Saratoga and Albany counties are looking to build a waste treatment facility that would—at the end of the line—convert the waste into energy that could be sold to other entities.
Plans were unveiled March 29 at an event attended by representatives of both county board of supervisors, as well as other officials.
The price tag for the waste-to-energy plant is estimated at $45 million and it would be located in the village of Menands, north of Albany and about eight miles sough of the Saratoga County town of Waterford.
Called an “anaerobic digester facility,” it would will primarily take in sewage sludge, but may also take food waste, fats, oils and grease that would act as a catalyst for processing.
Officials said in addition to selling power, the counties could save perhaps $1 million in annual biosolids disposal costs.
It will also cut down on greenhouse gases, said the New York State Energy & Research Development (NYSERDA).
The enregy-production part of the operation would not result in revenue until about two decades down the road. Another possible revenue source would be selling the solid waste byproduct as fertilizer.
An inter-municipal partnership agreement will allow for the establishment of a jointly-owned and operated regional biosolid waste facility. The agreement will cover the construction, operations and governance of the regional biosolids facility. It allows the counties to move forward with this project and begin the preliminary design stage.
It will be equally shared in use and cost between the two counties. According to NYSERDA, which provided half the funding for a project feasibility study last year, each county will be able to generate energy for a portion of its own consumption.
NYSERDA said each county will be saving more than $20 million over the next 20 years through this agreement.
Currently, Saratoga County spends approximately $2 million per year to haul biosolid waste from their facility, a method which is unsustainable in the long-term, officials said. It is expected to save Saratoga County money that would have been spent constructing its own facility to manage the waste processing.
“Saratoga County is the fastest growing county in New York state, and with that success comes the need to invest in upgrades to our infrastructure,” said Ed Kinowski, chairman of the Saratoga County Board of Supervisors.”This shared services partnership with Albany County allows both counties to meet the needs of residents and do so in a cost-effective way. For residents of Saratoga County, this will help keep our sewer rates low, and continue to make our county the best place to live and work.”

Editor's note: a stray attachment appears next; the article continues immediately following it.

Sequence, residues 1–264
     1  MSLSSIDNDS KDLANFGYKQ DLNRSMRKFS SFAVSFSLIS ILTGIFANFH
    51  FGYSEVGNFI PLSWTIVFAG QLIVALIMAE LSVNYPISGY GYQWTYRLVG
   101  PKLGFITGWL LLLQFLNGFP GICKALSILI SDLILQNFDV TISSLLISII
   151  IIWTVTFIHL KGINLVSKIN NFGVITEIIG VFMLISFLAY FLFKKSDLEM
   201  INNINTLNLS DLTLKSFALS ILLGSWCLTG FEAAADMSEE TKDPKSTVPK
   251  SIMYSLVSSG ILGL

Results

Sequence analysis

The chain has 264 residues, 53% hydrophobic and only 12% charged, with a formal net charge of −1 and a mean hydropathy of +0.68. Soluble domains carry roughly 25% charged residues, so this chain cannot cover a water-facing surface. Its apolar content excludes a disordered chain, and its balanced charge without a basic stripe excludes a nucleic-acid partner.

Saratoga County hauls its biosolids for disposal at the Seneca Meadows Landfill, between Rochester and Syracuse.
Dan Rourke, executive director of Saratoga County Sewer District No. 1 said the facility “will improve our biosolid treatment process and reduce impact on the environment. By making these substantial upgrades to our infrastructure, we are better positioning Saratoga County for continued growth and doing so in an economically-efficient manner through this partnership with Albany County.”
A request for proposals for the design phase, expected to take about a year, will be issued in June. Final construction costs and timelines will be determined through the bidding process.
NYSERDA said the agreement “can be a model for other governments throughout the state who could find ways to work with neighboring governments to provide what’s best for their residents at a shared cost. This project is expected to reduce significant amounts of carbon emissions and allow for the solids to be classified as a ‘class B solid’ by the U.S. EPA, which can make them eligible for land application, instead of being directed for a landfill.”